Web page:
FIGURE 3
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FIGURE 3. Total column liquid (green lines at 0.4 kg m2) and ice water content (shading) of ERA5 on January 15, 2022. The UTC time is on each panel from A–I. The TC center is at the center of each panel.

FIGURE 4
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FIGURE 4. Time series of averaged vertical velocity (shading), cloud ice water content (purple contours at 0.005, 0.02 g kg1), and cloud liquid water (green contours at 0.035 g kg1) content within a radius of 150 km of Cody every 3 h from 0000 UTC on January 13 to 0000 UTC January 16. The three dashed vertical lines denote the three moments: the weak eruption of the Tonga volcano on January 14, the main blast (MB), and the end of eruption (EE).

FIGURE 5
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FIGURE 5. Time series of minimum sea-level pressure (purple dashed, hPa), total (black curve), convective (blue), and stratiform (red) precipitation within a radius of 150 km of Cody every 3 h from 0000 UTC January 13 to 0000 UTC January 16 The three dashed lines are the same as in Figure 4.

FIGURE 6
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FIGURE 6. Difference of averaged sea surface temperature. (A): January 15 minus January 13, and (B) January 15 minus 3-day average of January 13 to January 15. Gray points denote the locations of Cody on January 15, with the UTC time at the right.

FIGURE 7
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FIGURE 7. Time series of average deep layer vertical wind shear over a circular area within the radii of 300 and 600 km (dashed) every 3 h from 0000 UTC on January 13 to 0000 UTC on January 16. (A) Magnitude of vertical wind shear and (B) direction of vertical wind shear (π for south, 1.5π for west, 2π for north). The three dashed lines are the same as in Figure 4.

In addition to volcanic aerosol, the Tongan volcanic eruption also heated and evaporated a large area of sea surface water as the volcanic vent that erupted at Hunga Tonga–Hunga Ha’apai on January 15 was underwater about several tens to 250 m depth (Witze, 2022). Therefore, the low-level warm and humid air from the volcano flowing into Cody could also contribute to its intensification (Supplementary Figure S3).

Effects of Sea Surface Temperature and Deep Layer Vertical Wind Shear

The development of the TC is also often affected by large-scale environments, especially sea surface temperature (SST) and deep-layer vertical wind shear (VWS) (Wang et al., 2015; Emanuel, 2000; Holland, 1997). Therefore, it is necessary to analyze whether the implicit impacts of these factors on Cody’s intensification could be excluded. The change of the SST between January 15 and January 13 (Figure 6A) or the 3-day average (Figure 6B) shows that the SST could not contribute to the intensification of Cody on January 15 as the SST was cooled at the positions of Cody, which usually implied a weaker surface heat flux from the ocean to the TC. Wang et al. (2015) suggest that the weak deep-layer wind shear is beneficial for intensifying the TC. Their results also indicate that the shear between 300 and 1,000 hPa (VWS3001000) exhibits the highest correlations with the 24-h TC intensity change. Here, we calculate the deep-layer vertical wind shear averaged over a circular area within the radii of 300 and 600 km (Figure 7). The deep-layer wind shear was about 20∼30 m/s (Figure 7A) in the direction of west to the northwest (Figure 7B), especially VWS3001000. Such a strong VWS could already weaken Cody on January 14 (Figures 5, 7). But Cody was intensified again on January 15 when the VWS remained almost unchanged compared with that on January 14. In addition, the size of Cody changed little on January 14–15 (Supplementary Figure S4). The area of over 17 m/s wind speed increased only after the eruption (Supplementary Figure S4). The outer size of Cody was so large at that time that Cody could resist the VWS more easily than other TCs of small size (Demaria, 1996). It means that the increase in the precipitation and intensity of Cody was not dominated by the dynamical force of the environment. The aerosol−cloud effects could mainly stimulate and contribute to intensifying the tropical cyclone Cody.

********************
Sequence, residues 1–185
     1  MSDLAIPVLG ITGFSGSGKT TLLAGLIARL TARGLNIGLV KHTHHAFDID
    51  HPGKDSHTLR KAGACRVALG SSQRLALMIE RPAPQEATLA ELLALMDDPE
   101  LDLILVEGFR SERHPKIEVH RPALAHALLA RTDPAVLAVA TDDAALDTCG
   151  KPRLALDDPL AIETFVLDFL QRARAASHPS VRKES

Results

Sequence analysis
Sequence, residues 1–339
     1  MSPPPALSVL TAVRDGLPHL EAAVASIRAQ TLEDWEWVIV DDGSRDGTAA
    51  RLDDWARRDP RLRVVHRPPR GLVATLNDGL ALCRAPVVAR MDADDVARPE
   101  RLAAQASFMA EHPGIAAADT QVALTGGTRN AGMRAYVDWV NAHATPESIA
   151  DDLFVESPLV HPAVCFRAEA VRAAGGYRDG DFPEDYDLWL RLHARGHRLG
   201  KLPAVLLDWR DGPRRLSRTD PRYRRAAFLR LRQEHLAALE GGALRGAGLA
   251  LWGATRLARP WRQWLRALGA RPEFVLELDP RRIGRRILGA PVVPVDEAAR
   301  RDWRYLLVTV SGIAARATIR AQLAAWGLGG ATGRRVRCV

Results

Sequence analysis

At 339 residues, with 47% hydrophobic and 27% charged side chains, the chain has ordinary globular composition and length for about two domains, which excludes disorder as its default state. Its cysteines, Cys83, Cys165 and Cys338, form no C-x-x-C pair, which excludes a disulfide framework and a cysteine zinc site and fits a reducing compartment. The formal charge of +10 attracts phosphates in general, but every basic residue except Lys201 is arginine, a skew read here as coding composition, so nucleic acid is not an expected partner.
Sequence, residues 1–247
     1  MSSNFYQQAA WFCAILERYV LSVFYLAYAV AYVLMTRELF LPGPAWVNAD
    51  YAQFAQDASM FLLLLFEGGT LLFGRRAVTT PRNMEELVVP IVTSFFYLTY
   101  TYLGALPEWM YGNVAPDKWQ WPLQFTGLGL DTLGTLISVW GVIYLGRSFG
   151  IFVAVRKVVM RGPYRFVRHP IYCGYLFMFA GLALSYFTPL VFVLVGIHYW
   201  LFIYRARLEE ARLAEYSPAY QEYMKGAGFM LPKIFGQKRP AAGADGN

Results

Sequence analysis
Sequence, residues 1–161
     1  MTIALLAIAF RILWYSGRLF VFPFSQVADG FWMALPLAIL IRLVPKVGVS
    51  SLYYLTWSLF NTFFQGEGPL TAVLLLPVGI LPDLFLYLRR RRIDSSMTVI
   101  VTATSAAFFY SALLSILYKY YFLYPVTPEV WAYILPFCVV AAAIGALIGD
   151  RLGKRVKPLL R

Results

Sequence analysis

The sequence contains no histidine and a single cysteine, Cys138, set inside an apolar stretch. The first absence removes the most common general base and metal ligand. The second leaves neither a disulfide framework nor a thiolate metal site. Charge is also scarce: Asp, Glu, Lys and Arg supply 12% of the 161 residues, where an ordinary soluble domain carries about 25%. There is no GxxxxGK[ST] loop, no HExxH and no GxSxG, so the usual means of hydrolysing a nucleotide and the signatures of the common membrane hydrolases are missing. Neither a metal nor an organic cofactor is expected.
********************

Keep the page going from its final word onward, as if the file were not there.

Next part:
Conclusion and Discussion

In this study, we investigated the aerosol−cloud effects of the Tongan volcanic eruption on the development of the tropical cyclone Cody (2022) using the MODIS satellite observation and ERA5 reanalysis data. Although the model system of ERA5 doesn’t explicitly include the volcanic aerosol‐cloud interaction, it has assimilated lots of satellite observations of cloud and precipitation. Therefore, the effects of volcanic aerosol on Cody were already manifested in the reliable evolution of Cody’ convection and precipitation provided by ERA5 data to a large extent. The results show that the aerosols from the Tonga volcano eruption in the TC inner core significantly intensified the convection in the TC. This could be because a large amount of volcanic aerosol caused extra droplet condensation on small droplets and freezing of the supercooled water. It releases extra latent heat at the mid- to high-level troposphere, causing an increase in updraft velocities. The strong updrafts transferred more moisture to the upper atmosphere and inhibited the stratiform rain, thus intensifying the convection further. Finally, the enhancement of deep convection in the inner core increased convective precipitation and intensified the TC later.